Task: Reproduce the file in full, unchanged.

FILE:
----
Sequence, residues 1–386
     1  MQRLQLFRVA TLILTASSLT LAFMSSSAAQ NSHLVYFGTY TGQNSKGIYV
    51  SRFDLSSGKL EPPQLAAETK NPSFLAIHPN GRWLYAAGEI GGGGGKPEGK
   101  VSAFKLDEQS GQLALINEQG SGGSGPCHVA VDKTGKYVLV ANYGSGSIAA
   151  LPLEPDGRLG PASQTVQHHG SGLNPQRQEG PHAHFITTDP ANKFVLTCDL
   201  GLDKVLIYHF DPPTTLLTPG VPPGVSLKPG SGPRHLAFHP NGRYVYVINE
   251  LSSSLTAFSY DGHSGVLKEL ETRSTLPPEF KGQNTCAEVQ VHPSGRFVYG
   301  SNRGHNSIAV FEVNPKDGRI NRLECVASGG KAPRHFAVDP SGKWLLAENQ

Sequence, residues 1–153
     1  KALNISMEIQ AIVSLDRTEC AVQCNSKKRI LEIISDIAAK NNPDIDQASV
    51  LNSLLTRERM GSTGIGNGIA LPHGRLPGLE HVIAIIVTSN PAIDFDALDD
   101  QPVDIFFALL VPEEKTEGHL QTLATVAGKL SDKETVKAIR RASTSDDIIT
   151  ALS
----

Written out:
Sequence, residues 1–386
     1  MQRLQLFRVA TLILTASSLT LAFMSSSAAQ NSHLVYFGTY TGQNSKGIYV
    51  SRFDLSSGKL EPPQLAAETK NPSFLAIHPN GRWLYAAGEI GGGGGKPEGK
   101  VSAFKLDEQS GQLALINEQG SGGSGPCHVA VDKTGKYVLV ANYGSGSIAA
   151  LPLEPDGRLG PASQTVQHHG SGLNPQRQEG PHAHFITTDP ANKFVLTCDL
   201  GLDKVLIYHF DPPTTLLTPG VPPGVSLKPG SGPRHLAFHP NGRYVYVINE
   251  LSSSLTAFSY DGHSGVLKEL ETRSTLPPEF KGQNTCAEVQ VHPSGRFVYG
   301  SNRGHNSIAV FEVNPKDGRI NRLECVASGG KAPRHFAVDP SGKWLLAENQ

Sequence, residues 1–153
     1  KALNISMEIQ AIVSLDRTEC AVQCNSKKRI LEIISDIAAK NNPDIDQASV
    51  LNSLLTRERM GSTGIGNGIA LPHGRLPGLE HVIAIIVTSN PAIDFDALDD
   101  QPVDIFFALL VPEEKTEGHL QTLATVAGKL SDKETVKAIR RASTSDDIIT
   151  ALS